Arguments: -p $(SolutionDir)\Web  -v / 
Initial directory: C:\Windows\Microsoft.NET\Framework64\v4.0.30319\ 
[TICK] : Use Output Window

Obviously, change the path to a suitable .net framework. You can click on the errors and the file opens within VS on the correct line. Weird things is that sometimes I run it multiple times and get different outputs...

The downside to this is that it doesn't tell you when it's done (you can always check for aspnet_compiler in the task explorer!). So I've done a DOS batch file for the only purpose of saying "done" in the Output window. Note that the command line is different to the above, as in this version I've replicated the command line effectively generated by our own msbuild script (it uses "fixednames" for example to resolve circular references precompiler errors). The %~f1 is the "argument" input box of the External Tools window from VS.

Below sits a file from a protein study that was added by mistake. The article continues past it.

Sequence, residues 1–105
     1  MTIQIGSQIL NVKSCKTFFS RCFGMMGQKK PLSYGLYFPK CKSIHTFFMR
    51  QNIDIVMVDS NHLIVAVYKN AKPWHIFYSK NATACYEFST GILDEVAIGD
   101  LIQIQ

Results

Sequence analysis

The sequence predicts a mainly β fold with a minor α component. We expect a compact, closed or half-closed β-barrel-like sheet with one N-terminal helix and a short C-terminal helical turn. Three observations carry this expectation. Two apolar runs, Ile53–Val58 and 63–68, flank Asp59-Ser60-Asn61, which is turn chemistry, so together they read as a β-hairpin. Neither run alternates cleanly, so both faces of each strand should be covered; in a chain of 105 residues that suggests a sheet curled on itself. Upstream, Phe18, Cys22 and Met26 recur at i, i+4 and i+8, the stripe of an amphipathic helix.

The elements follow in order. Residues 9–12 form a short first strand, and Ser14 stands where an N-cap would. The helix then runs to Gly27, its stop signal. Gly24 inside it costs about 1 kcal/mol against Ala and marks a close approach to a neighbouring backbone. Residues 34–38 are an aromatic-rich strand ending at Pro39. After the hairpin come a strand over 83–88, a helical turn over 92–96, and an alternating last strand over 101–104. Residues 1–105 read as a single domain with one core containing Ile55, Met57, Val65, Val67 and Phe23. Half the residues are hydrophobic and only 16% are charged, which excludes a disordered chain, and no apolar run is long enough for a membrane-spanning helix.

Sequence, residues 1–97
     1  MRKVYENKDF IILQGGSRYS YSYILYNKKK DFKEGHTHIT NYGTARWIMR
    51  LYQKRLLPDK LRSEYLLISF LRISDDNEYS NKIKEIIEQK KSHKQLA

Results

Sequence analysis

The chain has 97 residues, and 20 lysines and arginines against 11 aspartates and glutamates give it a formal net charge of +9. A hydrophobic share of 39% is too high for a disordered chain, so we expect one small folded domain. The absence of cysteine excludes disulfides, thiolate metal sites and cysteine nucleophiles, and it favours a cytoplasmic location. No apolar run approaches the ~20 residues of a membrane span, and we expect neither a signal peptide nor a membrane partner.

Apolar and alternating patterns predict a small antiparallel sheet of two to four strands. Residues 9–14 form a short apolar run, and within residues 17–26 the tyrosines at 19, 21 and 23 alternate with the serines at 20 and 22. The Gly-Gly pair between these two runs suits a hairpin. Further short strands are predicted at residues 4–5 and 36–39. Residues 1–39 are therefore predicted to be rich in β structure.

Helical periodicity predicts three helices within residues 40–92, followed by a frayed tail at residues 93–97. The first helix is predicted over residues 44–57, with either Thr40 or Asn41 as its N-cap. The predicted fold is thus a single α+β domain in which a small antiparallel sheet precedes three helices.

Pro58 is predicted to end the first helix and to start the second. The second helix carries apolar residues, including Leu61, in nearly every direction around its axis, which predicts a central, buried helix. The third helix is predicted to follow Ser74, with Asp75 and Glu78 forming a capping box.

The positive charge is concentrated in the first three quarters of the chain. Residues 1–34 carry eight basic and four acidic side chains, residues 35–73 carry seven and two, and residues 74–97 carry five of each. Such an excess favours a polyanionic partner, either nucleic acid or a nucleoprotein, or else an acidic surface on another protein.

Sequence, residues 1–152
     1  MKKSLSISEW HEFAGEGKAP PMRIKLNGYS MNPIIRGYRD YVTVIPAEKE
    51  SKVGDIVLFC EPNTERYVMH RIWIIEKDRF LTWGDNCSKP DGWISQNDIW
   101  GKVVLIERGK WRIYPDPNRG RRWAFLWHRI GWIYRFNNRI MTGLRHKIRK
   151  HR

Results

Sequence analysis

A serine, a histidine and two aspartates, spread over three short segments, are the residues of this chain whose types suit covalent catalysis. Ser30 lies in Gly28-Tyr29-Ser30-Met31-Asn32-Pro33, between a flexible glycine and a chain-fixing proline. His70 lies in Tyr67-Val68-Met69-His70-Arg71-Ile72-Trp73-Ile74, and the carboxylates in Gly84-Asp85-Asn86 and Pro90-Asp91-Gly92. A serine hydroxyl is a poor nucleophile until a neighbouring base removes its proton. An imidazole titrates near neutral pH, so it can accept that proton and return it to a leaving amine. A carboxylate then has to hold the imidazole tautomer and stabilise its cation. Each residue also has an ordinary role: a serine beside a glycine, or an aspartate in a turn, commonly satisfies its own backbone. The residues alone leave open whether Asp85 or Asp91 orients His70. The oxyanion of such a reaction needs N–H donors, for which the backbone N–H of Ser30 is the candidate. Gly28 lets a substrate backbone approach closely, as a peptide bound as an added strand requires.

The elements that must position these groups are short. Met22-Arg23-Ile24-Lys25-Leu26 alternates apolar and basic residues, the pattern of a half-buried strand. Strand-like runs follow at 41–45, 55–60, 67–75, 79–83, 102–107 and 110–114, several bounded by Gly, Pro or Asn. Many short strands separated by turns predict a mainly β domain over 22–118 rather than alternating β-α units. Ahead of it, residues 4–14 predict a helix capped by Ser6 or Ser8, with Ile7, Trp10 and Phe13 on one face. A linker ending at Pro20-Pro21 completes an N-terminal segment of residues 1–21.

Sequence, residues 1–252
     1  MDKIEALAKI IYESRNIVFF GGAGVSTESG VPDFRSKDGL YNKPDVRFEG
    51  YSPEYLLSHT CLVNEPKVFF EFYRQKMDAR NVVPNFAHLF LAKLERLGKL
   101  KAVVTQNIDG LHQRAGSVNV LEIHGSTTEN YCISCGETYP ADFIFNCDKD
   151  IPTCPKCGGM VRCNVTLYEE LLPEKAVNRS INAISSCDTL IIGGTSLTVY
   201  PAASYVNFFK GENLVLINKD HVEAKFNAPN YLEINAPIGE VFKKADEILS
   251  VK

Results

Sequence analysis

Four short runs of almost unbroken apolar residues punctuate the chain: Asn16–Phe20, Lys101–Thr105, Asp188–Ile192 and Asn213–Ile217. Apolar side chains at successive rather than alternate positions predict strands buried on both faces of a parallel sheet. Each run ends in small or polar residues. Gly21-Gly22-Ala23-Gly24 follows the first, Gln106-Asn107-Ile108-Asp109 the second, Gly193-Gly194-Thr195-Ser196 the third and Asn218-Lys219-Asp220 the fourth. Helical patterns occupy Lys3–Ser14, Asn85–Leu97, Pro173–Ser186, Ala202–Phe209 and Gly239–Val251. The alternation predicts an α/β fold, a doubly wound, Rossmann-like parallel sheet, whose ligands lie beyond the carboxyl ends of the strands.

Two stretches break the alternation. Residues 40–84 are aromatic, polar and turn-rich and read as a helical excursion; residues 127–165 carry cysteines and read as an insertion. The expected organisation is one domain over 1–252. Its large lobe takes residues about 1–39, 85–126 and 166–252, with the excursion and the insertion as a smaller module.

Batch file (precompile.cmd):

@echo C:\Windows\Microsoft.NET\Framework\v4.0.30319\aspnet_compiler.exe -p "%~f1" -v / -f -c -fixednames c:\temp\SomeFolder
@c:
@cd C:\Windows\Microsoft.NET\Framework\v4.0.30319\
@C:\Windows\Microsoft.NET\Framework\v4.0.30319\aspnet_compiler.exe -p "%~f1" -v / -f -c -fixednames c:\temp\SomeFolder
@echo.
@echo Done.

In VS:

Go to Tool/External Tools, Add button. 
Title: Pre Compile 2
Command: C:\mypath\precompile.cmd
Arguments: $(SolutionDir)\Web
Initial directory: [leave blank]
[TICK] : Use Output Window

PS: not sure how/if this is affected by Web Sites or Web Applications.

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So, here's my current solution, which is far from ideal.

  1. I created a One-Click Publish profile to publish the application to a local folder on my machine. This local copy of the site can be used an an input to Aspnet_compiler, which does the precompilation.

  2. I created a new build configuration called "Precompile."

  3. In the project file, I created a new "Target" that only runs when the Precompile configuration is active (see below for syntax). This basically tells MSBuild to run an extra task after compilation; that is, it will run Aspnet_compiler to precompile the site. It takes the site files generated by One-Click, precompiles them, and outputs them to a second local folder. If any errors are found during precompilation, they are displayed in VS.